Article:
I have been reading "real" books, as inbound paper with typed words on it, since I was a toddler and my grandmother first taught me how to read. When eBooks became the newest reading trend in the early 2010s, I was convinced that I would never give up my print books for a digital copy because it just wouldn't feel like reading.
Even now, I can't deny that there is something about holding a book in my hands, smelling that "old book" smell (yes, I am one of those crazy people that like to sniff their books), and physically turning the pages that feel more authentic than tapping on my phone.
However, there are some serious benefits to owning different books in different formats. I like to keep bigger books, such as "The Shadowhunter Chronicles" and textbooks in eBook form so it is easier to bring them wherever I need them, and audiobooks are great for light-hearted biographies that I can listen to while I'm in the car or on the train. Not to mention, these newer formats allow me to collect many more books than I have physical space for in my home or dorm room, and I can carry them all with me anywhere.
Of course, I still have plenty of my books in paperback and hardcover, but now I like to choose the format I get my books based on what is most efficient. During the semester, I tend to get most of my books as eBooks so I can bring them back and forth from school to home easily or audiobooks so I can listen to them during the ride. Having multiple formats also makes it easier to read multiple books at once without getting the plots mixed up and helps you delegate time to each book.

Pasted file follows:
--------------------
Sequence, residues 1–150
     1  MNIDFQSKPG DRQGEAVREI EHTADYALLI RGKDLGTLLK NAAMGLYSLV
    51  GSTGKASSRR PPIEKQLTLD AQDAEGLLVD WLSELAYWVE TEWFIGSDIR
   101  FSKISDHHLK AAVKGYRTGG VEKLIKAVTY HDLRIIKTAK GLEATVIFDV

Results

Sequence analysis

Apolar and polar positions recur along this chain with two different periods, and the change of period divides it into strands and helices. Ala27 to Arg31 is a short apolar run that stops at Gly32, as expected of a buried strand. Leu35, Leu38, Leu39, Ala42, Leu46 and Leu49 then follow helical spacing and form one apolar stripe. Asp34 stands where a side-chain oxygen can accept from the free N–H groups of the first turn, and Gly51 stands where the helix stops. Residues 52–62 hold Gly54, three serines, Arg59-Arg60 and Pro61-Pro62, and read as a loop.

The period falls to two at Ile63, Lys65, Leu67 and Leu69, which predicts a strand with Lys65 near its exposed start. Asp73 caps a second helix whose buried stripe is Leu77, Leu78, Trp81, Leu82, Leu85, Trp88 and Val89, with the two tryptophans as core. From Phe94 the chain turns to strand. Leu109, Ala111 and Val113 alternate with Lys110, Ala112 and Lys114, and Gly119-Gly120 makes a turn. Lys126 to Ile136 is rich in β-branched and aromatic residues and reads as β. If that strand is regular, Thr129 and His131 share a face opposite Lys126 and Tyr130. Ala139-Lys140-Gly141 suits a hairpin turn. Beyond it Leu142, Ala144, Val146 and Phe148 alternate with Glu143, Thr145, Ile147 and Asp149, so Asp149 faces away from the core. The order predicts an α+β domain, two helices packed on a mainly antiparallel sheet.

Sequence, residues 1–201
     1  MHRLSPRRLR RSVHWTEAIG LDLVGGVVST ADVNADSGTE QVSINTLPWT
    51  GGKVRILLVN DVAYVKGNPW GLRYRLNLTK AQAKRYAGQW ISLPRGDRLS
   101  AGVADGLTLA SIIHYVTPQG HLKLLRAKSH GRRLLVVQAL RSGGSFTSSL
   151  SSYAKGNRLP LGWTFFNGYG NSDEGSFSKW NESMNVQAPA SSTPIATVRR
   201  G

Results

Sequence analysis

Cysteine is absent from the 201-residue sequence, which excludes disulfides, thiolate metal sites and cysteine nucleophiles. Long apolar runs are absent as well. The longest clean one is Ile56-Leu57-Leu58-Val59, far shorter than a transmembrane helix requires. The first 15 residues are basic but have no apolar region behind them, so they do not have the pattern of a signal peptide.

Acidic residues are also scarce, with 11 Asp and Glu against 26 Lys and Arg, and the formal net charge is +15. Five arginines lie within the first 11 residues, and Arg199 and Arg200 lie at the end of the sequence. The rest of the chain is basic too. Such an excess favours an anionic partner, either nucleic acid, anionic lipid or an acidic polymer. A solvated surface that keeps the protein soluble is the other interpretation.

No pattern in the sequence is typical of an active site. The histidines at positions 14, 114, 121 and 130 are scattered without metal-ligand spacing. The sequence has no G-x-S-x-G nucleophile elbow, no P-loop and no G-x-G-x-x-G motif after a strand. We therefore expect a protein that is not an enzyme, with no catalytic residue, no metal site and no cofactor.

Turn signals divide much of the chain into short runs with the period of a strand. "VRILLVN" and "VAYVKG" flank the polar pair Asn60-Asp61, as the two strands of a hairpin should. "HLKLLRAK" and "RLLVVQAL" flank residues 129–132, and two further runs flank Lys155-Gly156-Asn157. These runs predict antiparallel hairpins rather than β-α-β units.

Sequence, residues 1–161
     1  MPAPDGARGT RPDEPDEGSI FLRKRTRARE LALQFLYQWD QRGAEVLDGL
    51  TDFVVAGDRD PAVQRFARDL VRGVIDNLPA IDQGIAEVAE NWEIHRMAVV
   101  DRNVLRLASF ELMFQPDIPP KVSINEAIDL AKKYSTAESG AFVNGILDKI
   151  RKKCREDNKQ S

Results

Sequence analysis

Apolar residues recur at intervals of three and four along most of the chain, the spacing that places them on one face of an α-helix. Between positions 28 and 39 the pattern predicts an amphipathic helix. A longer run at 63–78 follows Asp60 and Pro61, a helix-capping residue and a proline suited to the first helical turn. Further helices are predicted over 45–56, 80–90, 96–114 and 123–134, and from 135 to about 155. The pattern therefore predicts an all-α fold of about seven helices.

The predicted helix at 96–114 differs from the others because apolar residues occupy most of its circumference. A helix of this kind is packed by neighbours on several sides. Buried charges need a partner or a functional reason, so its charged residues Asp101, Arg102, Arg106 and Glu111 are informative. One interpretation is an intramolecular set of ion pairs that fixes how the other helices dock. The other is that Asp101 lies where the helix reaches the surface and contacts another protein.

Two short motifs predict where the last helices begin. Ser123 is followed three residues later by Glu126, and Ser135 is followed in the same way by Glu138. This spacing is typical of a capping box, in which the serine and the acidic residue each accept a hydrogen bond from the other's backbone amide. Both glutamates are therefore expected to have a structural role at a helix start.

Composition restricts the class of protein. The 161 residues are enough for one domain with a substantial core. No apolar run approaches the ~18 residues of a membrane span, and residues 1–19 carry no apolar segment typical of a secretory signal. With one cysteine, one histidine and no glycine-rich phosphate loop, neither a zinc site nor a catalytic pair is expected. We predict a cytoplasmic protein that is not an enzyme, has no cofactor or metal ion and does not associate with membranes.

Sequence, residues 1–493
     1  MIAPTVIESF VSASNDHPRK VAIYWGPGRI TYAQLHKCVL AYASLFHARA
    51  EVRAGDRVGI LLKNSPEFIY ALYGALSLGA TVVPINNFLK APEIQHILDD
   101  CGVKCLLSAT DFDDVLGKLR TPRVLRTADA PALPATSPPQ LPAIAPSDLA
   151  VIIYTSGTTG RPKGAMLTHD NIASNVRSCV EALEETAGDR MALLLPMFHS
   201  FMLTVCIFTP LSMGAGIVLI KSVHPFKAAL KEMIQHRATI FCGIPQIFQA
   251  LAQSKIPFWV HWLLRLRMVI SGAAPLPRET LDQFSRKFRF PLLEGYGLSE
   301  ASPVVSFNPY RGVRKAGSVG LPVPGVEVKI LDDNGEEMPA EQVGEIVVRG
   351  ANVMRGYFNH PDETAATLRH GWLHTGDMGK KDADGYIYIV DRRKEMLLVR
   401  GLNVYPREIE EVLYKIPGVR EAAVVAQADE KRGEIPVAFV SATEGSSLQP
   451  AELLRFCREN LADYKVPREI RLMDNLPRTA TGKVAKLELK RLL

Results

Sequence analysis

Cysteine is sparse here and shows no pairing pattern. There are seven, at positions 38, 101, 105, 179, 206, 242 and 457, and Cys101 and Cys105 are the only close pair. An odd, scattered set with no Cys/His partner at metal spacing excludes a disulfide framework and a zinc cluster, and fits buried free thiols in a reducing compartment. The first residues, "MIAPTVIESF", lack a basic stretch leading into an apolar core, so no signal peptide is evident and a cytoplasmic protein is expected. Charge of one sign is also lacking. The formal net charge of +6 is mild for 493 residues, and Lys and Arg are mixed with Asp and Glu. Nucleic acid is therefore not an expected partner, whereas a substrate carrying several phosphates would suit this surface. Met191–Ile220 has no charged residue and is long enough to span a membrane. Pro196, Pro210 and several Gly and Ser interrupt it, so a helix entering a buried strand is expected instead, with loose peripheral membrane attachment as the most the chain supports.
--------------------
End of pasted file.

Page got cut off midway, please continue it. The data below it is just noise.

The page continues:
For example, you can listen to your audiobook on the commute to class, read from your eBook while you wait for class to start or during downtime, and read your physical book at home before you go to sleep. The newer formats are more portable, because no one goes anywhere without their devices, and instead of spending another couple of hours scrolling through Instagram, you can study or read some of your books without having to lug around a physical copy.